Energy-harvesting devices are one giant step closer to simpler, greener technology. They derive power from solar, thermal, wind, and kinetic energy without all the messy wires and batteries.
Software runs best in uninterrupted, continuously-powered systems. Unfortunately, energy-harvesting devices experience frequent power failures and interruptions, especially when they need to get juiced up. The constant cycle of charging and discharging makes the interruptions—and resulting program errors—unavoidable.
These errors must be debugged. Unfortunately, conventional debuggers don’t work because they interfere with the target’s power supply.
That’s why researchers propose the Energy-Interference-Free Debugger (EDB), a tool that can debug while monitoring and manipulating the target’s energy level without permitting any significant current to flow between the debugger and the target.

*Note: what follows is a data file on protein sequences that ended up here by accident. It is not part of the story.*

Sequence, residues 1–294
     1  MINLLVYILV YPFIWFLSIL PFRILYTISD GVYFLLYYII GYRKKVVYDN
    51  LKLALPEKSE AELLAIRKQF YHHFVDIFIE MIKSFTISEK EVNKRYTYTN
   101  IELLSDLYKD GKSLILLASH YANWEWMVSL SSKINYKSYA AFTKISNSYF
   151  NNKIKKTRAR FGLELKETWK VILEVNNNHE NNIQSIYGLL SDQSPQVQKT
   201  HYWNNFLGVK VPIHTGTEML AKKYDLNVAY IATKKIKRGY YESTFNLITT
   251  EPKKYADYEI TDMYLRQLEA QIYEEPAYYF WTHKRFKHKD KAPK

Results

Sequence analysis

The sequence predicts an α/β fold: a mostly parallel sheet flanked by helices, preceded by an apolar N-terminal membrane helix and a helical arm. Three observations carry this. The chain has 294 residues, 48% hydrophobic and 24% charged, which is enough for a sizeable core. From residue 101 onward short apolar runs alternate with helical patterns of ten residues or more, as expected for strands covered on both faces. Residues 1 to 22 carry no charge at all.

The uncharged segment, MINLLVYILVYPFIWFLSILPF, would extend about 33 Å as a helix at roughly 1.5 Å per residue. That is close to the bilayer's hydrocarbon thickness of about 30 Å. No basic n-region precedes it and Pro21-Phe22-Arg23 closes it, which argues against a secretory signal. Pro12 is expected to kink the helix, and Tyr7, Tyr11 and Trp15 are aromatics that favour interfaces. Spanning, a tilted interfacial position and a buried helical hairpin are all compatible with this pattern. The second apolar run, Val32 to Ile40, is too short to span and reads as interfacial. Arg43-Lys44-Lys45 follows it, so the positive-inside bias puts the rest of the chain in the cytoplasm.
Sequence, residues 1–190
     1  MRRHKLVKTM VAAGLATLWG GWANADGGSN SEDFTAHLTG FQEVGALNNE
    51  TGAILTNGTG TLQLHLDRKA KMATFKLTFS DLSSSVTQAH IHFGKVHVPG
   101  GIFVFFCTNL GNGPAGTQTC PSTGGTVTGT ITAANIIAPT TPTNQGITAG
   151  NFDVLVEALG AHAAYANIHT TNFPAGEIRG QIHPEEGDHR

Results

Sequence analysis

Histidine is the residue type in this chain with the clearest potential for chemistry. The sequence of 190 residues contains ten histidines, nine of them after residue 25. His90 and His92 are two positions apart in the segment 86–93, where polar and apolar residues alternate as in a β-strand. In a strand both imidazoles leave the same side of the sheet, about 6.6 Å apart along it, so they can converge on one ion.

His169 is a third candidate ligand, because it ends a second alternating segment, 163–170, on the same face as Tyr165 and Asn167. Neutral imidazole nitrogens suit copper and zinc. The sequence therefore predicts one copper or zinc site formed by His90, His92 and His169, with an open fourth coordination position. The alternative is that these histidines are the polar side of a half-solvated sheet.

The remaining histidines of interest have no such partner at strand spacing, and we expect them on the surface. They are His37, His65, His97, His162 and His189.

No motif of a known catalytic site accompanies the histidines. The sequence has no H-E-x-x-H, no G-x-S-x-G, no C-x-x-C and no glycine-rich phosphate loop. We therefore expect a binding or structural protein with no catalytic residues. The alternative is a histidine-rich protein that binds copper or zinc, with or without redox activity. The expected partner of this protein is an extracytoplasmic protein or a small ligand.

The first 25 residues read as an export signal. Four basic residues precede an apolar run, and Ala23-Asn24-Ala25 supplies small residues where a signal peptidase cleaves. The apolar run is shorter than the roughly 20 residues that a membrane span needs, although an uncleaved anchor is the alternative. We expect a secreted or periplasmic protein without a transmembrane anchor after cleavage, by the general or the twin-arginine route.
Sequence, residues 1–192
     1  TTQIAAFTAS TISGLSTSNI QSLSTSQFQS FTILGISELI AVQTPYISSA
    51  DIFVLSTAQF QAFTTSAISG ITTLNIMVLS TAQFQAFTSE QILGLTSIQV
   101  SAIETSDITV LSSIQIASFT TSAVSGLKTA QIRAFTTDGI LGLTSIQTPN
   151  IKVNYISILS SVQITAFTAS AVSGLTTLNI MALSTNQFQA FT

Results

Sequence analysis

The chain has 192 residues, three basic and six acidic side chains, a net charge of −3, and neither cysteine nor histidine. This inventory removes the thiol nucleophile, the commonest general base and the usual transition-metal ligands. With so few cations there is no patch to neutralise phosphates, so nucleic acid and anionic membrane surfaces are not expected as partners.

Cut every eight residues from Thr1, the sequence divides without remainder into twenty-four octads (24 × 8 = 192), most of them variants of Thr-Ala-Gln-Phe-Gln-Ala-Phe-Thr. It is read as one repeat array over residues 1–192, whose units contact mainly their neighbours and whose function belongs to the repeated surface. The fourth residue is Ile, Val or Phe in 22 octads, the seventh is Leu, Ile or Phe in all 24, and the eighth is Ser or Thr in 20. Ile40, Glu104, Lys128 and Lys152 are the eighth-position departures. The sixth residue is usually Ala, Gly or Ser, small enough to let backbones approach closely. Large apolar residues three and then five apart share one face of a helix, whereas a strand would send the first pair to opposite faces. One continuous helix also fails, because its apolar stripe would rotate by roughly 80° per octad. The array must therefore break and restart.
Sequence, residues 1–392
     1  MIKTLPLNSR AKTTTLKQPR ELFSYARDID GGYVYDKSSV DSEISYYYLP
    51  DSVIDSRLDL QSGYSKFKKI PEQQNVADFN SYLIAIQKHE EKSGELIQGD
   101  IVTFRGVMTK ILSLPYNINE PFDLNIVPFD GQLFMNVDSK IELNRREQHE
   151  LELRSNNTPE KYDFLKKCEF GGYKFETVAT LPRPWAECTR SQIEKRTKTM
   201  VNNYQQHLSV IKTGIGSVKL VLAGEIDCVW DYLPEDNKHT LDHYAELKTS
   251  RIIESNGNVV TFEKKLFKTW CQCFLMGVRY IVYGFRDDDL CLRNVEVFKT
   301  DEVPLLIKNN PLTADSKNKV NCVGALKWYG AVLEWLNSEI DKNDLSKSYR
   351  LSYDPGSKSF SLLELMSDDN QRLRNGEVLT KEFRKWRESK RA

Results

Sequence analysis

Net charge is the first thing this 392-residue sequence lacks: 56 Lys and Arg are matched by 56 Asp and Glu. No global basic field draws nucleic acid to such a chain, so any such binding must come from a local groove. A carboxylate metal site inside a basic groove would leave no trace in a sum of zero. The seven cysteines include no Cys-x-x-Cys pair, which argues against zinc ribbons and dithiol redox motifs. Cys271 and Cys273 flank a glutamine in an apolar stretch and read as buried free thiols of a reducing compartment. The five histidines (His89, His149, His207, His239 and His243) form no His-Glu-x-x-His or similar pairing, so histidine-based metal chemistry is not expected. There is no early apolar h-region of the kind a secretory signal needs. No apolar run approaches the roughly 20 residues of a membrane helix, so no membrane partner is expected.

Read more about this energy-efficient system in the May/June 2017 issue of IEEE Micro. (Login may be required for full text.)
About Lori Cameron
Lori Cameron is a Senior Writer for the IEEE Computer Society and currently writes regular features for Computer magazine, Computing Edge, and the Computing Now and Magazine Roundup websites. Contact her at firstname.lastname@example.org. Follow her on LinkedIn.